Noting that there may be a limit beyond which settling for a lower-quality mate may negatively impact reproduction, Buller notes:

The real question, then, is whether male status and female youth are characteristics that females and males respectively can "trade down" while still achieving comparable reproductive success. My skeptical argument presupposes that, within limits, they are. Evolutionary Psychology's view of human mate preferences presupposes, in contrast, that male status and female youth are characteristics that couldn't have been traded down by our ancestors without a corresponding decline in reproductive success (Buller 2005:256).

Buller points out that the most EP has to support this hypothesis is hypothetical arguments about the EEA. Indeed, the sort of thing one would have to know is the long-term success over many generations of different mate preferences, the heritability of such preferences within a hypothetical ancient population where they were polymorphic, and the differences between the modern environment where these features were observed and the hypothetical ancient environment where humans evolved. It's all exceedingly tenuous.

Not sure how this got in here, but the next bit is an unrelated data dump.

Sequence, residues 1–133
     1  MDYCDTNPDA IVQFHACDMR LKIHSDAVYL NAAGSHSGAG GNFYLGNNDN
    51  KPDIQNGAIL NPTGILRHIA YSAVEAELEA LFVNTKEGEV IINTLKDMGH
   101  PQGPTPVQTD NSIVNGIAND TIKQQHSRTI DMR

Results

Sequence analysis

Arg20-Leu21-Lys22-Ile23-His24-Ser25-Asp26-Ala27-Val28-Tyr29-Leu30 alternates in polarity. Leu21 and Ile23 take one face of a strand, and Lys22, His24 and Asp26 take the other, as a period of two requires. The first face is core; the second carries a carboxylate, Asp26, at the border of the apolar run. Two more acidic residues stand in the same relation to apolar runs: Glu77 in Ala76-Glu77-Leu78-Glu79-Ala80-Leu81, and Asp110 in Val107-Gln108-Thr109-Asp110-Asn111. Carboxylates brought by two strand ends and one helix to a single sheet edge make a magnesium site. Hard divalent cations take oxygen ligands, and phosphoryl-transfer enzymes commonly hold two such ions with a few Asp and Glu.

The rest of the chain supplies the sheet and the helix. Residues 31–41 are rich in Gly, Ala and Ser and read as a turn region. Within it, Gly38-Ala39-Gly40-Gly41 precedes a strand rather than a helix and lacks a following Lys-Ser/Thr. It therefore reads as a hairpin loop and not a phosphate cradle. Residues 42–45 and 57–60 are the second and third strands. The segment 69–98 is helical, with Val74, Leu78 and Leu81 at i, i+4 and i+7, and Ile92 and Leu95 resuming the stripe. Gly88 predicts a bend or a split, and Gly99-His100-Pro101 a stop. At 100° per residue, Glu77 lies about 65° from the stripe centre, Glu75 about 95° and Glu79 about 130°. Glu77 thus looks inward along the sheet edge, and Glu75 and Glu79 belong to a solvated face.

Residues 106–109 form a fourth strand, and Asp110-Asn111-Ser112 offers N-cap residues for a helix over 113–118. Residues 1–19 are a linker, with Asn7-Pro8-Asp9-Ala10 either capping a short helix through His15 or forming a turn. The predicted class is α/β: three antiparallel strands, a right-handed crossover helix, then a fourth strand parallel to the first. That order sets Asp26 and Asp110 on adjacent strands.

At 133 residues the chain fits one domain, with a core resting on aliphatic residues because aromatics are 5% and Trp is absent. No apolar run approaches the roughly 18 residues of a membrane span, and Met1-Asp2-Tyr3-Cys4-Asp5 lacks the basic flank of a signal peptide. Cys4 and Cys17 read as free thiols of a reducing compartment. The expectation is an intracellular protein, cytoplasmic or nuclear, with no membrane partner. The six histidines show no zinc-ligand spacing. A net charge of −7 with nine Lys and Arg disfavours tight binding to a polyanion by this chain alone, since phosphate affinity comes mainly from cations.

More on Adapting Minds


Buller DJ. 2005. Adapting Minds : Evolutionary Psychology and the Persistent Quest for Human Nature. Bradford Books, New York. Amazon